CRENSHAW ( — The five major Los Angeles mayoral candidates were out campaigning across Los Angeles Monday in a final push for votes before the primary election.

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LA MAYORAL ELECTION: Get To Know The Candidates

Former City Council President Eric Garcetti woke up early to ride the 5:45 a.m. Metro from San Pedro to North Hollywood in an effort to meet and chat with commuters.

“I think we have a really good shot of making the runoff,” Garcetti told KCAL9’s Bobby Kaple. “The voters have really responded to our campaign. It’s proven track record, but the independence…not to have millions of dollars of special interest money from the DWP.”

City Controller Wendy Greuel also spent her day traveling across the city to schmooze with voters.

One of her pit stops was at the Los Angeles Jewish Home, a senior services facility in Reseda.

“The most important endorsement is the voter. The voter that goes out tomorrow and says, ‘I’m gonna vote for someone who is gonna fight for us.’ I’ve been the taxpayer’s watchdog as the city controller and they know I’m gonna look out for them,” said Greuel.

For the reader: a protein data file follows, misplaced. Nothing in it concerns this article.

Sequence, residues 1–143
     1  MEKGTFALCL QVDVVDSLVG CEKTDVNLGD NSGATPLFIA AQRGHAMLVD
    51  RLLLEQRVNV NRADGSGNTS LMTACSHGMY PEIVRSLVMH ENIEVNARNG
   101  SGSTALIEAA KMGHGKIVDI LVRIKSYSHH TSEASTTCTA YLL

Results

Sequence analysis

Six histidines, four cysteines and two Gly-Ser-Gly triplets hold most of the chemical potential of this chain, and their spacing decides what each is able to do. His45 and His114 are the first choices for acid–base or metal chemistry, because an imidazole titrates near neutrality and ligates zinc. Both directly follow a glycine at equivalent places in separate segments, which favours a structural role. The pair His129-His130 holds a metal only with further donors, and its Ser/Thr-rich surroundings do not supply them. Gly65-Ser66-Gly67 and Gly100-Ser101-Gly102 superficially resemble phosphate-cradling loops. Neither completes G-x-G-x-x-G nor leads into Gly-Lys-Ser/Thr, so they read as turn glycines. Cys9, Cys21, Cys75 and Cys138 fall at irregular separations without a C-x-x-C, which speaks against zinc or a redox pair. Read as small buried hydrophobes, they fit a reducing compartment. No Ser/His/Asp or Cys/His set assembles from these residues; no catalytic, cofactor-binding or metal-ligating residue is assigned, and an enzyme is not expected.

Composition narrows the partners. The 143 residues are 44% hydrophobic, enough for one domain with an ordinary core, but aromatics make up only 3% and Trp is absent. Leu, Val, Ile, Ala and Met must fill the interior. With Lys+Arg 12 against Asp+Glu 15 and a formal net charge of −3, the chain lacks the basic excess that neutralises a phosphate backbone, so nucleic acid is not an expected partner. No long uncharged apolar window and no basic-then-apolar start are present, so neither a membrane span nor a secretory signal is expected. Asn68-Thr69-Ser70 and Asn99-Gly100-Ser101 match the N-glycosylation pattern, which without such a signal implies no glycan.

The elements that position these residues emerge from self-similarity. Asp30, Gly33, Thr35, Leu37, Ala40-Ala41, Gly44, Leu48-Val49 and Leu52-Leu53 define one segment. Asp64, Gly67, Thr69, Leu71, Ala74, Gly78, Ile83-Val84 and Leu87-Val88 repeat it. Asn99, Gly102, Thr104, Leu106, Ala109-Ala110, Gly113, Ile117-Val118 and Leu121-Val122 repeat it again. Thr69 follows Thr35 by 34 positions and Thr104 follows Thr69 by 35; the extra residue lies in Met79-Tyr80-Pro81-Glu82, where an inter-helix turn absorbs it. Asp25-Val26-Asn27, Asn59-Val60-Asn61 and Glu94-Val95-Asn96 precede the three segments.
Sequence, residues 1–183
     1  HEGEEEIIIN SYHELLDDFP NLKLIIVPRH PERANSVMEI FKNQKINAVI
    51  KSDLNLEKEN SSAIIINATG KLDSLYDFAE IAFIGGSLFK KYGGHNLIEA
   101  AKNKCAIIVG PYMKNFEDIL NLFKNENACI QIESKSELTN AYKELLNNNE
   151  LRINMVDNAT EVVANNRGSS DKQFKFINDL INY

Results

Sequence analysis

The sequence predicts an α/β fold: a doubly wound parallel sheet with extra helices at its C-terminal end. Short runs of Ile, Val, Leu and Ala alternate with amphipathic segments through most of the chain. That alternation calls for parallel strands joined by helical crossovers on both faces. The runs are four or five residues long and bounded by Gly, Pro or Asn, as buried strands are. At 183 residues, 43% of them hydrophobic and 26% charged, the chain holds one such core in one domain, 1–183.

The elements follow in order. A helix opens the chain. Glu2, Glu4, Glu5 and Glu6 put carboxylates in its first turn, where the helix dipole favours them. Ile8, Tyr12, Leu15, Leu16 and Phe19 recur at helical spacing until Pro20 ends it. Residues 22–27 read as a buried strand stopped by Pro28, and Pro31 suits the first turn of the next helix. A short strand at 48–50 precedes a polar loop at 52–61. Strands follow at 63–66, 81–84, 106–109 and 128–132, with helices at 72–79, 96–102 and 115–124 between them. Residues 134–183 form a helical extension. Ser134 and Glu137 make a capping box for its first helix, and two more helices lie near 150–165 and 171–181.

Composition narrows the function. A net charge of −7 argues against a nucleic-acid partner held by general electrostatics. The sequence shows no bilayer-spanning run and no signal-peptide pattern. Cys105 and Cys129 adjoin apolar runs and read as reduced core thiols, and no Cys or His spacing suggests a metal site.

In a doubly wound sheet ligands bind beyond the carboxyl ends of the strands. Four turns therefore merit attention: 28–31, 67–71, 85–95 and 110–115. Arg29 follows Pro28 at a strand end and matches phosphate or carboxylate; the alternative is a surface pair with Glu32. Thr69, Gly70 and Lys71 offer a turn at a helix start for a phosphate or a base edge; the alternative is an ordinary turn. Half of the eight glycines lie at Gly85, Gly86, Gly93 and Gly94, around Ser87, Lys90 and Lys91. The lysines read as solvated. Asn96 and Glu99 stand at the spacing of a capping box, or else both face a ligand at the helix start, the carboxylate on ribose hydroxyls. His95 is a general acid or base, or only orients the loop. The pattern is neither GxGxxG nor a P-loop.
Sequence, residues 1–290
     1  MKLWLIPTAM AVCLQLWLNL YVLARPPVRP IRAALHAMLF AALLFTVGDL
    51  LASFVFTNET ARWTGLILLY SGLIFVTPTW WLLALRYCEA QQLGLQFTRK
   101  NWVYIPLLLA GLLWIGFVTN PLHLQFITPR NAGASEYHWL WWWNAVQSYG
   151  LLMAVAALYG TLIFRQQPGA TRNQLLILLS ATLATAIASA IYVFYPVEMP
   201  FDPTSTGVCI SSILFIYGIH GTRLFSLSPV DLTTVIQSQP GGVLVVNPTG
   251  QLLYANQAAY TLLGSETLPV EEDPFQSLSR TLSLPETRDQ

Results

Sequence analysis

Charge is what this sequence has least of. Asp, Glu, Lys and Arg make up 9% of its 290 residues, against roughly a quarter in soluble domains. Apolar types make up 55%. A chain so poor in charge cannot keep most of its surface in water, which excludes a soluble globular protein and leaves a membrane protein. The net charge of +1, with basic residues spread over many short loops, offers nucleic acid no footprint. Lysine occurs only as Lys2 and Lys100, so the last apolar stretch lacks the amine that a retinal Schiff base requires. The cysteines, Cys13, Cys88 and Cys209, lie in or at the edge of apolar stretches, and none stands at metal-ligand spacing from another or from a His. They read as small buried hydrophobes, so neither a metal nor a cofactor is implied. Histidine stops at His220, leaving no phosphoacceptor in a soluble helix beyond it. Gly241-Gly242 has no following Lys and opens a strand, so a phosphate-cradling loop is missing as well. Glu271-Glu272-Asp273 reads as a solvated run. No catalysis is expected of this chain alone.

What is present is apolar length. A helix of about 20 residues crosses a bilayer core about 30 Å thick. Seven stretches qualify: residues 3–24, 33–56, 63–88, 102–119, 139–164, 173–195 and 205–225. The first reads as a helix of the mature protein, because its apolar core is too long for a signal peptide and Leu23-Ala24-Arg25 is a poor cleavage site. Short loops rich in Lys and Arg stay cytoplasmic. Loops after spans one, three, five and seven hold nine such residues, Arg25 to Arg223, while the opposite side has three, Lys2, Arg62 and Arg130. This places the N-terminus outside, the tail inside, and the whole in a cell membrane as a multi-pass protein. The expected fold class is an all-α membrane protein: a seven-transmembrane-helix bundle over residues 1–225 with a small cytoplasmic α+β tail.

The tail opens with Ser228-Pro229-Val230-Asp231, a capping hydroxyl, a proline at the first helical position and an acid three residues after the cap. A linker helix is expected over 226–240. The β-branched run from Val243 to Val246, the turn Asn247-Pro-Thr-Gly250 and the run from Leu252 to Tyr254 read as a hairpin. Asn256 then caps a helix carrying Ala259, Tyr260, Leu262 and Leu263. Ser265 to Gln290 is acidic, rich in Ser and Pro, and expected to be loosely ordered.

WATCH: KCAL9’s Mayoral Roundtable

The lone Republican candidate, Kevin James, was at a Farmers Market in the Fairfax District where he was joined by former Los Angeles Mayor Richard Riordan.

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“I’ve been through 42 of the debates. I look forward to debating whoever my opponent is one-on-one,” said James.

James said he believes voters have had plenty of time to make up their minds about the incumbent candidates, so the undecided votes will go to the outsiders.

“My opponents have been in office for 12 years each. If the undecided (voters) can’t make up their minds about them now, that means we’ll get the vast majority of those voters when they go into the booth tomorrow,” he said.

Councilwoman Jan Perry spent the final hours of the campaign at a rally opposing Measure A, which would create a new half-cent sales tax in Los Angeles.

“We’ve been monitoring turnout from the areas where I know I’m the strongest. It looks like folks are turning out and they’ve already voted,” said Perry.

Former technology executive, Emanuel Pleitez, has literally been running around the city to meet as many voters as he can.

“I’m tired of what our politicians have caused us. I want to make sure that voters have a choice so that we can take our city in a new direction, realize our potential, because we deserve better,” he said.

Kaple reported that if a candidate doesn’t get more than 50 percent of the vote on Tuesday, the top two vote-getters will advance to a runoff in May.

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